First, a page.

Seeing the fresh scrubbed faces in military garb on television sending Christmas greetings to their folks back home is no longer a novelty. It has become such a part of the holiday season we give it no more than a cursory glance. We might think for a few seconds how great it is that the station makes it possible for these soldiers to send their greetings, and we might reflect for a moment about how hard it must be to spend Christmas so far from home. But then the program comes back on and we have instantly forgotten the faces of those around the globe putting their lives on the line for our security.
Unless the face is a member of our own family.
The mother of the soldier doesn't see a well-disciplined man in his pressed uniform; she sees the baby who nursed at her breast. She sees the little boy who sat by her side while she read Goodnight Moon for the hundredth time. She sees the boy who played basketball in the driveway or hit a home run in baseball. She sees a Boy Scout. She sees a young man who took a job after school so he could buy his own truck.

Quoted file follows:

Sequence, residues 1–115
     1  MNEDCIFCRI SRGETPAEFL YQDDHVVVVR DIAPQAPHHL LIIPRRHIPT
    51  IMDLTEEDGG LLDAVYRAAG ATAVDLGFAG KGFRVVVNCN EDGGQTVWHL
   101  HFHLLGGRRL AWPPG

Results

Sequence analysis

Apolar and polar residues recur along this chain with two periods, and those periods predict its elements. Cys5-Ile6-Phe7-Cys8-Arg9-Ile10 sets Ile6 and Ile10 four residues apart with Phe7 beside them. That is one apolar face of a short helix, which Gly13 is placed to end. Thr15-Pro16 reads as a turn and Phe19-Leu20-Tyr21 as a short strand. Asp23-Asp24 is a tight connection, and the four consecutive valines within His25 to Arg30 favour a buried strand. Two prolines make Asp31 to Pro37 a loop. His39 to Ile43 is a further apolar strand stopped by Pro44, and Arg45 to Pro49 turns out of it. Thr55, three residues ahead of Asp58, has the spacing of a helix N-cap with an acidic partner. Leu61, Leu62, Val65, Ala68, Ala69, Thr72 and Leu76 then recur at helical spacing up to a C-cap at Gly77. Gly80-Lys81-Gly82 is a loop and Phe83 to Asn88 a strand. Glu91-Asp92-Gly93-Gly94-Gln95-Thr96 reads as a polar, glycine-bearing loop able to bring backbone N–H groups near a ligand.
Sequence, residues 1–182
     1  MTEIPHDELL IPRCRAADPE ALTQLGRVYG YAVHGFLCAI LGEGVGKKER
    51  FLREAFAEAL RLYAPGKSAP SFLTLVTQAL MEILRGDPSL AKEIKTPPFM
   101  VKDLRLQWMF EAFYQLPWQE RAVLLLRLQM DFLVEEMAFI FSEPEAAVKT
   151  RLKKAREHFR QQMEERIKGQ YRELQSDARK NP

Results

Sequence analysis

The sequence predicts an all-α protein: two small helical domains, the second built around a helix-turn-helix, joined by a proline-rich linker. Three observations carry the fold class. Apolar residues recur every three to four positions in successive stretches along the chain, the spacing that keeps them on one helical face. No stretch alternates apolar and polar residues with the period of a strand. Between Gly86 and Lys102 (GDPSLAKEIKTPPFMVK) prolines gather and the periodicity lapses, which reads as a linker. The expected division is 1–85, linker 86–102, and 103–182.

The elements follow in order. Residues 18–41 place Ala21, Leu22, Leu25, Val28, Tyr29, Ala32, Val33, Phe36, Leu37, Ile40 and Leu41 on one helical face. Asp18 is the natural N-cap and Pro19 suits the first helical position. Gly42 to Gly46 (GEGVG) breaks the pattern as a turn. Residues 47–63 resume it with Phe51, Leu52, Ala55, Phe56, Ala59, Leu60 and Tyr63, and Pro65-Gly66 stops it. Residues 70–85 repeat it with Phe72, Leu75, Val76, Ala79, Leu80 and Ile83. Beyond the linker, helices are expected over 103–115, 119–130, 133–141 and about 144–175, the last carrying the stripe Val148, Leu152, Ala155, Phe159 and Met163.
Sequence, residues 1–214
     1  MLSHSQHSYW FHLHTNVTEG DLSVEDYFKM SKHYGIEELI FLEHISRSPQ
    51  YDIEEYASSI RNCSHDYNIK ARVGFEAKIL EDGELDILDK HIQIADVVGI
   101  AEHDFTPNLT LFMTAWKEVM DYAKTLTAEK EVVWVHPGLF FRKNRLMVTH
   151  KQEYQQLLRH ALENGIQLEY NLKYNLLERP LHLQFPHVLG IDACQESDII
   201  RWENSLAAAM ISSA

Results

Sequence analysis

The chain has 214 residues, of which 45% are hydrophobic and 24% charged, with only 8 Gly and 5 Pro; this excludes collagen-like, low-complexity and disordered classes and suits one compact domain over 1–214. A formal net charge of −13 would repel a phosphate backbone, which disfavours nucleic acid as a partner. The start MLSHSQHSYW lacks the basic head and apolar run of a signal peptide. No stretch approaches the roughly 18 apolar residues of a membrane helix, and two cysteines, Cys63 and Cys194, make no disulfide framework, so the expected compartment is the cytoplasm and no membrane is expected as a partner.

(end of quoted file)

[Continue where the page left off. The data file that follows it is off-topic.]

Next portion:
Siblings see the brother they grew up with. They remember when the plastic toy soldiers gave way to real soldiering and the G.I. Joe uniforms made way for real battle fatigues.
Those greetings are more than routine holiday messages. They are lifelines connecting loved ones across the miles which reassure us these brave young men and women are OK for now.
Life is short and fragile. Its value is in the giving away. These young men and women offer for us their finest gift -- themselves -- in dedicated service. At Christmas, when we remember the gift of God's own son, sent to earth to give His life that we might have eternal life, we also give thanks for those who willingly give their lives for us.